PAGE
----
I had a thought provoking conversation with a friend today at church.  My friend explained to me the reason why her husband didn't want their kids to have digital cameras yet.  He desires for his children not to live their lives through a camera.  I came home and discussed this with my husband.  He and I discussed the effect that constant picture taking can potentially have on one's life.  I don't have a name for this effect, but my husband articulated it this way.  He said our desire to take pictures can have several purposes.  One of those purposes can be a creative outlet--an artistic expression.  Another purpose can be to "document our lives".  On the face of it, that doesn't sound like a bad thing.  We all want to remember what has happened and pictures can help us do that.

But, we can also get caught living our lives through the lens of a camera--rather than really living it.  Taking a picture, posting it, and having people comment (either positive or negative) does not validate the event.  It doesn't make whatever has happened more meaningful or worthy of rememberance.  But, when we document everything and get praise for that documentation, a cycle can begin.  That cycle is one of the desire for positive affirmation of the memory.  

I think this affirmation is especially alluring to stay at home moms.  We are the only ones who often witness the milestones of our children's lives when we are home with them.  It's been interesting having my mom live with us, because she gets to experience those milestones alongside me while my husband is at work.  And I have to admit that it increases my enjoyment to get to share the things that happen with her as they happen.  

But, there's a fine line.  Our enjoyment should ideally be first in the moment and then second as we share with others--whether by email, picture, text, etc.  If our enjoyment isn't first in the physical moment on our own, then we won't be fully present.  For me, it is a slippery slope.  It was a slippery slope.  

What was once an artificial reality is now truly considered part of our everyday reality--email, facebook, texting... Many people, I think, consider the relationships built over these medium every bit as real as the relationships they maintain with people in person.  But, there are some dangerous consequences to this.  We can start to put priority on those relationships over the ones near us.  They are convenient and make us feel valued.  My husband jokingly calls the computer our "Skinner box", named for B.F. Skinner.  I believe he read this phrase in a book written by Alan Jacobs.  Skinner's idea was that rather than continual rewards, intermittent rewards are actually more effective at changing behavior.  Email and facebook fit that reward system to a tee!  

But, back to the picture taking idea.  Next year, I'm planning on teaching my children about photography.  I love to see God's creation through the lens of my camera.  That is my primary purpose in taking pictures.  But, I do take pictures to help me remember people and capture expressions.  It doesn't make my life more meaningful because it's documented, but I'm interested to see what lessons God has for us as we embark on that adventure next year!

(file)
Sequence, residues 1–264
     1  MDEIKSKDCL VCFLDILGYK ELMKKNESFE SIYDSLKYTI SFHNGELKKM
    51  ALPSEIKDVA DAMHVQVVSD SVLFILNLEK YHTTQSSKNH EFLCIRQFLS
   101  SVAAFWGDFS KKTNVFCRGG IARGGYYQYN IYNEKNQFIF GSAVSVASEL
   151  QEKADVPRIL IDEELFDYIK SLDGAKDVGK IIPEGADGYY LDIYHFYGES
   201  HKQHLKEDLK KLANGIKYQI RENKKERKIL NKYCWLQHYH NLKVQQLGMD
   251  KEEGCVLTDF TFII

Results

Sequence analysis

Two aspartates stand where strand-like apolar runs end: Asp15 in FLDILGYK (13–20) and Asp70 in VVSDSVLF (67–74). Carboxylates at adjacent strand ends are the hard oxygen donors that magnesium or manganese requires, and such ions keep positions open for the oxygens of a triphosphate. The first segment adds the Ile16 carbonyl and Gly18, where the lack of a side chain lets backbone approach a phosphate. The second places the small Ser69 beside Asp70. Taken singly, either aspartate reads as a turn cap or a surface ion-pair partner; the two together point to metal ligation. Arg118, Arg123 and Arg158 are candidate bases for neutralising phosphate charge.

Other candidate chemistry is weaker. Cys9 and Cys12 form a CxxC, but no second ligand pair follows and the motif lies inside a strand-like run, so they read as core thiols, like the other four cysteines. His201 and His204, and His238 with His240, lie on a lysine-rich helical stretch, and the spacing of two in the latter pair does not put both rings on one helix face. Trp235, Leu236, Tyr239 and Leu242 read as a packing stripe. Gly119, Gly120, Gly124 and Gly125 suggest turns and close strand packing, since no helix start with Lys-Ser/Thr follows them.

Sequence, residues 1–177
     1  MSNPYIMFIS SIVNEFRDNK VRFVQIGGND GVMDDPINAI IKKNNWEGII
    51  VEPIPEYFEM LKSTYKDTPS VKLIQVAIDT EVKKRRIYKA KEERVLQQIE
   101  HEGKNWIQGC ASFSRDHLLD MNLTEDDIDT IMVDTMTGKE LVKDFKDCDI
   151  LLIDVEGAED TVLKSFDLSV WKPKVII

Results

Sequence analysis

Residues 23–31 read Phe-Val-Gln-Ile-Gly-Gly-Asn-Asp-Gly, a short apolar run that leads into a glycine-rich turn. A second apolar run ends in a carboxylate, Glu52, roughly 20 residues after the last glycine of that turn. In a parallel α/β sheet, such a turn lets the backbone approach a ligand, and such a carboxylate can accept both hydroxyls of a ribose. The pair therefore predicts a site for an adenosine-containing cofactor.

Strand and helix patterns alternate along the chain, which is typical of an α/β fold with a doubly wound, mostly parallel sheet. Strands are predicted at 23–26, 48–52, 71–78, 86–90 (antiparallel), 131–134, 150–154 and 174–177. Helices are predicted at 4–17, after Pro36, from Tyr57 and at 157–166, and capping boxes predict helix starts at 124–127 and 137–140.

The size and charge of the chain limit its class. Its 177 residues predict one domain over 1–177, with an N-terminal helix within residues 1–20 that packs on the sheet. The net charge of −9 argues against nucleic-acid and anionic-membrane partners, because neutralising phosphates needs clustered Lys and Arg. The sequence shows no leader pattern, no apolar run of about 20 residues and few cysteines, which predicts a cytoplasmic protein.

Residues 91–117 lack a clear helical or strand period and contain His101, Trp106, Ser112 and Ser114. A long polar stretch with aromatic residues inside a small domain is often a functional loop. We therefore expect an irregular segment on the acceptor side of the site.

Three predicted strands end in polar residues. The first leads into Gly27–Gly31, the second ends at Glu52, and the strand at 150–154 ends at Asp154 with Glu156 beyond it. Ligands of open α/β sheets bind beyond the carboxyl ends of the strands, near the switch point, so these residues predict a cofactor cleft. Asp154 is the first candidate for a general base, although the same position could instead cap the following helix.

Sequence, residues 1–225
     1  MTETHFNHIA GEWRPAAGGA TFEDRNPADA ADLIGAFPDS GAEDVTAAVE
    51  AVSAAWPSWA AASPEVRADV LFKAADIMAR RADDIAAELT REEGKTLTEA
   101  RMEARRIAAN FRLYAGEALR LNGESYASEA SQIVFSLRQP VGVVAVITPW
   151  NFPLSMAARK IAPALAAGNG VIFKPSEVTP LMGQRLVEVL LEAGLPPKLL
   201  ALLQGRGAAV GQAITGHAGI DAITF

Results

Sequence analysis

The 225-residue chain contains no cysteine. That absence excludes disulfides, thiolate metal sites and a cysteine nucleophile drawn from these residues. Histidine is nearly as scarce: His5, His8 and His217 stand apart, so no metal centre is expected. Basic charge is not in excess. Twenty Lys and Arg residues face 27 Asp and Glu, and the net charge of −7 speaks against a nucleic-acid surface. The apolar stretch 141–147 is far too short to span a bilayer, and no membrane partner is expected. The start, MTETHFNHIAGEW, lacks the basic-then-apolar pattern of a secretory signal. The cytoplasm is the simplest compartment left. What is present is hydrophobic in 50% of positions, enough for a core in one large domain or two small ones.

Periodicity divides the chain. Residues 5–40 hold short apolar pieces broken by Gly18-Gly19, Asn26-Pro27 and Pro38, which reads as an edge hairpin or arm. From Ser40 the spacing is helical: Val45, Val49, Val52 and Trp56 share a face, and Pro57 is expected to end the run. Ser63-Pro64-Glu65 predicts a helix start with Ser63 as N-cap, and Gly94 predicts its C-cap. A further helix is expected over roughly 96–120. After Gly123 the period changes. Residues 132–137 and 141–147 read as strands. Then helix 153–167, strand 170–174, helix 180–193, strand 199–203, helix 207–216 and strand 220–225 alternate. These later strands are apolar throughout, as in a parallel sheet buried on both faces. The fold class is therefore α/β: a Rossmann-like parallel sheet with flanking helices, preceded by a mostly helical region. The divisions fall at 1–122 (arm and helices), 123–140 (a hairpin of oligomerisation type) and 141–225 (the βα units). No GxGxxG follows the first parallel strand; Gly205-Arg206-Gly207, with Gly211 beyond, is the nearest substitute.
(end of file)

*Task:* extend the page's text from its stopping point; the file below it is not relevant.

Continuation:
Friday, May 11, 2012

Encouraging Song

I heard this song a few days ago on Pandora and loved it.  One of the downsides of living in a society that has so much is that discontentment runs rampant and is quite contagious in our society.  I find myself fighting it regularly.  Recently my husband and I rewatched Office Space (which I don't recommend).  As with many movies, it was a lot worse than we remembered.  (Our memories had become selective about what we remembered from the movie.)  The plot centers around a group of employees who complain about where they work and don't like it--which is admittedly crummy.  Anyways, I heard this song and loved it.  

I actually do thank God for parking places!  I love to thank God for the little things.  Often life is not the way I want to be, but I trust Him and His plans.  I hope this song will encourage you too.

PS I did purchase this album via Amazon's MP3 download store and I like it a lot!

Wednesday, May 9, 2012

Corduroy Writes a Letter

Several years ago, I bought a book at a garage sale titled Corduroy Writes a Letter.  We've read it many times over the past few years.  The plot of the book centers on Corduroy who writes several letters to people.  They listen and fix the broken sign, add more sprinkles back to the cupcakes, etc.  

I'm one of those people that's a little like Corduroy.  If there's something I'm concerned about, then I write a letter to the editor about it.  If I buy something at the store that is bad, then I call the customer service line and let them know--I don't want anyone to get sick from something.  If something doesn't work, I call the customer service for the company and let them know.  I will say that I also call if something works really well!  I compliment employees and am glad to give praise.  

So, when Autumn discovered that Dove chocolates didn't put sayings in their Valentine's candies, she was quite disappointed.  I encouraged her to write a letter.  She did.

She also got one in return.  I was quite surprised by it, though.  I think you'll understand why from this excerpt:

"Unfortunately mars Chocolate North America doesn't accept any ideas from outside of our company.  We have a very creative Research and Development department that works on developing new and exciting products for consumers to enjoy.  A lot of time goes into manufacturing and marketing a new product idea, sometimes even years before a finished product is introduced.  It is important ot everyone at Mars Chocolate North America that our finished products are perfect!"

I had two reactions to this letter.

1) As I read the letter, I pictured the world of Huxley's Brave New World.  I know that sounds horrible, but this paragraph made me feel like a little marionette.   The marketers market, and I'm expected to act like a puppy dog and lap it up.  Blech!  I suppose I'm a bit extreme in my reaction, but the words were so cloyingly sweet and fake that I reacted strongly.

2)  All they really needed to say was thanks for the suggestion.  My 8 year old daughter didn't really need to read a politically correct letter of rejection.  This letter is the stuff that feeds cynicism about our world and the corporate climate we live in.  My husband saw it as a good thing, though.  He felt it conveys to Autumn something about the real world.

So, if you're thinking about a similar assignment, I'd caution you to 1) not write to Mars Chocolate or 2) not to mail the letter.  There's my cynicism already creeping in.  I'm sorry.